Sir Richard Peto takes umbrage at the idea that he might skew a statistical analysis to benefit a drugmaker. The eminent Oxford statistician, as you know, recently weighed in on a study that seemed to link the Merck/Schering-Plough cholesterol med Vytorin with an increase in cancer cases and deaths. Peto concluded that the apparent risk was a statistical anomaly, a freak of chance.
Now, Peto is defending that conclusion against the opinions of other experts and questions from the U.S. Congress. In a letter to Reps. John Dingell and Bart Stupak, who are investigating the Vytorin controversy, Peto asserted that "any competent trial statistician" would agree with his analysis. Suggestions that he might bias his work in favor of Merck and Schering-Plough are absolutely wrong: They don't pay his salary and had no impact on his analysis of the trial data.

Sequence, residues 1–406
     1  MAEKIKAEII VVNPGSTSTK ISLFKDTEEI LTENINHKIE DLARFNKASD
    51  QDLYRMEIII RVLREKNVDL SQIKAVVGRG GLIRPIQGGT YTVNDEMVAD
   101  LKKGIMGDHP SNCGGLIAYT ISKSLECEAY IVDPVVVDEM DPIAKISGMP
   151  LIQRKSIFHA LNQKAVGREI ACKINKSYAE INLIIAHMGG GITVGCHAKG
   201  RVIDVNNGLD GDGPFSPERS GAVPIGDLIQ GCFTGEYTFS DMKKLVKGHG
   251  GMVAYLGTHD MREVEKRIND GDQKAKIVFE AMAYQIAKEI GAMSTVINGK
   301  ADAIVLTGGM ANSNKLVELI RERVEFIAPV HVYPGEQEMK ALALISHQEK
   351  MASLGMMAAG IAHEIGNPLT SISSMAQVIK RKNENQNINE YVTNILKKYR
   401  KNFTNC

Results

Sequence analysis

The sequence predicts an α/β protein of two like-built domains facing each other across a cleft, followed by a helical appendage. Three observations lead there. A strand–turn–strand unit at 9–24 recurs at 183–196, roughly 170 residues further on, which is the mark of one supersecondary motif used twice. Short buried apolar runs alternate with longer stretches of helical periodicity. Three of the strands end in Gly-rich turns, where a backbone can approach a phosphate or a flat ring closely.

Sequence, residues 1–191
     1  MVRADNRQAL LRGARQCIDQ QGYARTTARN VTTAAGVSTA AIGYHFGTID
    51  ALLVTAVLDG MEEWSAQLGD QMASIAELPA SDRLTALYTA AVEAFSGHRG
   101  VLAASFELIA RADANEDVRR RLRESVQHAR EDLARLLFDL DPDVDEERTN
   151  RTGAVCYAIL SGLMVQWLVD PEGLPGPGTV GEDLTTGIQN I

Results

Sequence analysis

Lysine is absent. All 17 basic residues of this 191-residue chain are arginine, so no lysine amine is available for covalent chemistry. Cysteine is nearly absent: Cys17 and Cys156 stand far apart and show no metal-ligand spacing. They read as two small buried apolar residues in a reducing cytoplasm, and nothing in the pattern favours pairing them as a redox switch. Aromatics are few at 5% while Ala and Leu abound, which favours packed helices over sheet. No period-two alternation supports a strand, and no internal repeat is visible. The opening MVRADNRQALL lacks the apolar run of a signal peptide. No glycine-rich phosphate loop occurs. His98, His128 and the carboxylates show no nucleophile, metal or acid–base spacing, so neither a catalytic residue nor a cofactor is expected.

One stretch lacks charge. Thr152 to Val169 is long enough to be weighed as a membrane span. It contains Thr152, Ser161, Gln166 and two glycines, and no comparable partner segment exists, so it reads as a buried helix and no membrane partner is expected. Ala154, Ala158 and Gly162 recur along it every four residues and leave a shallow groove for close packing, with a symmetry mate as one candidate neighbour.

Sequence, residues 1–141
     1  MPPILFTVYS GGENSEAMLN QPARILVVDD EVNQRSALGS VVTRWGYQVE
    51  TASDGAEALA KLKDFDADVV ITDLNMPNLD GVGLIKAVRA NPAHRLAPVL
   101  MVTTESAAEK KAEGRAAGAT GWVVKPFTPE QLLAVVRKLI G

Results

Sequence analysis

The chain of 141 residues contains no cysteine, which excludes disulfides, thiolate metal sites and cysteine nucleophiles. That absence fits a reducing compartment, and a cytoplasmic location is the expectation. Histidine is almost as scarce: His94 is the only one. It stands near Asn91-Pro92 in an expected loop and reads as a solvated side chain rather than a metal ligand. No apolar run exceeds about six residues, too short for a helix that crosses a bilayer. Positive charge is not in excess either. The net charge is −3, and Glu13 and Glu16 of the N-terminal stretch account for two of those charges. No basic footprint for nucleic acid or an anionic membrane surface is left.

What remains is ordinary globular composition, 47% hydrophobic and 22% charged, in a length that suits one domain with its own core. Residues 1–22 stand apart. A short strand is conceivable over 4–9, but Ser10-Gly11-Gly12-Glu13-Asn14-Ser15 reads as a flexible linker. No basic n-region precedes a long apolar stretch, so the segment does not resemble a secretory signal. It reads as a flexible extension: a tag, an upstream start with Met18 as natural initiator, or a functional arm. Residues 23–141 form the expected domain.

Apparently, Peto takes a dim view of the competency of the New England Journal of Medicine and its experts. Two NEJM editorials recently critiqued Peto's analysis, saying that an increased risk of cancer death in Vytorin patients can't be ruled out. Peto hasn't specifically addressed their conclusions--yet.